Passing Ivy City Shops, where Amtrak stores and repairs their trains. The station a little up the line at Laurel Race Course, the one place I remembered from my first time on the Camden Line. I was coming home from my first day at work at my very first internship in D.C. One of my high school friends had invited me to an O’s game and I hopped on the train after work. A freight train passed us at high speed and shook the train so much I thought it might tip over onto the platform.

The hard right after you walk down the platform at Union Station. It takes you straight into Metro. It can get clogged with commuters, so you instead make the right at Sbarro and the left at what’s now a clothing store, but used to be a bookstore, and down the escalator. Fewer people take that way. Easier to get down to the mezzanine and buy a Metrocard. Or reload your SmartTrip.

Red Line trains still oppressively crowded. The surprise at being able to get into the first train that comes. Having to usher someone into the train before me because I was only going one stop and I needed to be right near the door.

Masters of the Universe types eating lunch on Pennsylvania Avenue, the wonder at what they might be doing in their offices or in their cars. Maybe they’re like Raymond Reddington, running a worldwide operation, seemingly always from a moving vehicle. Sleeping in their suits or pants suits.

Protests. This time, school kids marching down Pennsylvania Ave, to register their own disdain for its soon-to-become landlord.

Still, there was room for surprise, discovery.

NoMa/Galludet Station really close to Union Station, closer than I thought. It’s almost like you could walk it, just like the short tunnel between Gallery Place and Metro Center. You can stand in one and look down the tunnel into the other. If not for the connections to other lines, they shouldn’t be spaced that way, I figure.

The new parking garage at Savage. It didn’t look like a bus stop this time. Perhaps a bus stop with a large parking garage, but still an improvement.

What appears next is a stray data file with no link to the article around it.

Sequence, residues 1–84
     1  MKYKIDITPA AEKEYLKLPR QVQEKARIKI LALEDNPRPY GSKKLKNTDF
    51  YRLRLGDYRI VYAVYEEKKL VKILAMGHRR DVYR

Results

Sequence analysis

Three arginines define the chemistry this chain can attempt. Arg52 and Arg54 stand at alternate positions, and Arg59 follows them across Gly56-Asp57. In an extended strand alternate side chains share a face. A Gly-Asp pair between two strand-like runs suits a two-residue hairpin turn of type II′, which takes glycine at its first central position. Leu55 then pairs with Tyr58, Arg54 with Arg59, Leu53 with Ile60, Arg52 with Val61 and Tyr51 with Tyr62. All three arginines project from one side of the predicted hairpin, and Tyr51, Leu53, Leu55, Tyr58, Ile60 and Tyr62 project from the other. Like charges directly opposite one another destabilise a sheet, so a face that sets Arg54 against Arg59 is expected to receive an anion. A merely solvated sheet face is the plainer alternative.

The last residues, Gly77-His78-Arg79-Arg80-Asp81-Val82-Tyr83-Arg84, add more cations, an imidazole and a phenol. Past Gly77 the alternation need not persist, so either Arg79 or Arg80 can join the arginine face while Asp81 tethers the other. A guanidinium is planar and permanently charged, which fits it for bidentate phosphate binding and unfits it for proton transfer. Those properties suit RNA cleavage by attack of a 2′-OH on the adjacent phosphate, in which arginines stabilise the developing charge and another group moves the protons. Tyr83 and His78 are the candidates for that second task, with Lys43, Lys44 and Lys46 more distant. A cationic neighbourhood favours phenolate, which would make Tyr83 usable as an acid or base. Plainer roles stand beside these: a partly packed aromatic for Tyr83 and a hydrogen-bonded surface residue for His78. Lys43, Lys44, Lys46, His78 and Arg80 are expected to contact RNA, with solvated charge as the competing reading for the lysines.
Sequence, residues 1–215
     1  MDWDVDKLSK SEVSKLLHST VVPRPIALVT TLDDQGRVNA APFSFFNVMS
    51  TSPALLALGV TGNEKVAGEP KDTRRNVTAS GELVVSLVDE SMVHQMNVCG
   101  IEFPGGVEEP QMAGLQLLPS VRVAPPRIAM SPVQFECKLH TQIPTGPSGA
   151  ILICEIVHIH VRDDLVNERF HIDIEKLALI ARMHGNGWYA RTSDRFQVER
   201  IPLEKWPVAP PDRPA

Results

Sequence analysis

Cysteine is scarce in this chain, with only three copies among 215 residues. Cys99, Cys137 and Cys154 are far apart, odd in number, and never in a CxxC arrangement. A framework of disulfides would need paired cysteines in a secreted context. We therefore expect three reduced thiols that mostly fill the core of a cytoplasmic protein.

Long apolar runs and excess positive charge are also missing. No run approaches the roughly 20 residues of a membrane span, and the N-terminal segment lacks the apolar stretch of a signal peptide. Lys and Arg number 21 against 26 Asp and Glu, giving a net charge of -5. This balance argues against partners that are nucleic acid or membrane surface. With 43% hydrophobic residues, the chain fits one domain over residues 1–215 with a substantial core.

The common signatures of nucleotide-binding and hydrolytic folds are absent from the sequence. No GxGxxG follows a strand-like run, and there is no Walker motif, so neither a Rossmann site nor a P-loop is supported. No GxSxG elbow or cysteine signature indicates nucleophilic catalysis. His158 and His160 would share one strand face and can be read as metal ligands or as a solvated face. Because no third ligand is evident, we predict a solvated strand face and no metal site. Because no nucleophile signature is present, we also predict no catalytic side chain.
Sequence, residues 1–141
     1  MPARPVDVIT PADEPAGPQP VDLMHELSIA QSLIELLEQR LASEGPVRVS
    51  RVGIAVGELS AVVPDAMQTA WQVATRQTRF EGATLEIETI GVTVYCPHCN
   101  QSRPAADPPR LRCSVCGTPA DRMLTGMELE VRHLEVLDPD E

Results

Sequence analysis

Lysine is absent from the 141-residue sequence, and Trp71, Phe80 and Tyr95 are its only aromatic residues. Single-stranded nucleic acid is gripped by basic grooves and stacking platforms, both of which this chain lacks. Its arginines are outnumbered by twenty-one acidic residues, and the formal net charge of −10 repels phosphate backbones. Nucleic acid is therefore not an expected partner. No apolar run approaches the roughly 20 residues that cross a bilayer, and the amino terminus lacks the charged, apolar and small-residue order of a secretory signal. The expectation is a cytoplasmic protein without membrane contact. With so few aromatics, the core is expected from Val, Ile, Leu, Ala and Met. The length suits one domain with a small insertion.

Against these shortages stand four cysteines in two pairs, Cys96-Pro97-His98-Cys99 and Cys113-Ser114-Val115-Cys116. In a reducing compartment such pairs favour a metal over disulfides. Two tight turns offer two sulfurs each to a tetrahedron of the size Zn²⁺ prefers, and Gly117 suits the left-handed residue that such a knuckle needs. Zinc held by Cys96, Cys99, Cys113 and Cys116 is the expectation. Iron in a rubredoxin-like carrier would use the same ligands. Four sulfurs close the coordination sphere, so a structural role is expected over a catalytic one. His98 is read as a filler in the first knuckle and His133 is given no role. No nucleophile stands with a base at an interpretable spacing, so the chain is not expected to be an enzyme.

And yet, the thing that grabs and holds is this: Bombardier multilevel rail cars.

When I climbed aboard, it was like Jersey. I’ve lost track of the number of miles I’ve logged going to New York, Secaucus Junction, the occasional disembarking in Newark for the PATH. That equipment had become as familiar to me in some ways as the seat of my car. And more welcoming as I could sleep in them.

It was like a small reminder of one of the things I’ve missed. An echo from the part of me that feels as home there as the place where I grew up. From that space inside that misses the feeling of connection and awe from going into New York for an acting class, a writing workshop. To the burrito shop in the Village. Watching trains race by Hamilton.

The train back was Bombardier. The Penn Line train on the next track over was made up of the old Kawasaki bilevel cars that were being rolled out when I was commuting daily into the District.

I slept, as I had so many times on New Jersey Transit and MARC before then.

I’ve thought so much about home lately and what and where it is. I haven’t concluded anything yet. And maybe the whole point is to always be learning and creating and growing it. These glimpses of the joy up the line tell me I haven’t lost what I was trying to build there. Those dreams are still alive, waiting for me to get my ticket and come back. That’s comforting.

NaBloPoMo 2016 – Day 2 (Blunt Force Politics)

I get it. The media is selling us an election as much as they’re covering one. It’s not as much that they’re putting time and energy into covering something in the public interest as they’re engaged in a race and a fight themselves for eyeballs and advertisers. That’s the news game and between the uncertainty of print and online, I get the push to make the most money, the quality of the information being disseminated — not always the most important consideration. It’s feed for the growing fetishization of politics in America.